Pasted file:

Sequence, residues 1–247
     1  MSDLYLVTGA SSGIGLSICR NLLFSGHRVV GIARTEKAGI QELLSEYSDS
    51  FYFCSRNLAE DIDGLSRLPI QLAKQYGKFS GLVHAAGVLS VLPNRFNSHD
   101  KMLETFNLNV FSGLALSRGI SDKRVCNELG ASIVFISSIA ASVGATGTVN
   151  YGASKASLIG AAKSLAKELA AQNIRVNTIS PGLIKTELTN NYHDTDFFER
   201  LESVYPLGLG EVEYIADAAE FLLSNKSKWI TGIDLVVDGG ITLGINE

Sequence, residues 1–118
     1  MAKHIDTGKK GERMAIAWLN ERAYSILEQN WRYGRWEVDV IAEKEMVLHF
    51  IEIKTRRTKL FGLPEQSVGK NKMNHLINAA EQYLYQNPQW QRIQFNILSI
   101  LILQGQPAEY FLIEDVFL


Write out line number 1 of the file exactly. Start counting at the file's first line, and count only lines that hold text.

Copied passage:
Sequence, residues 1–247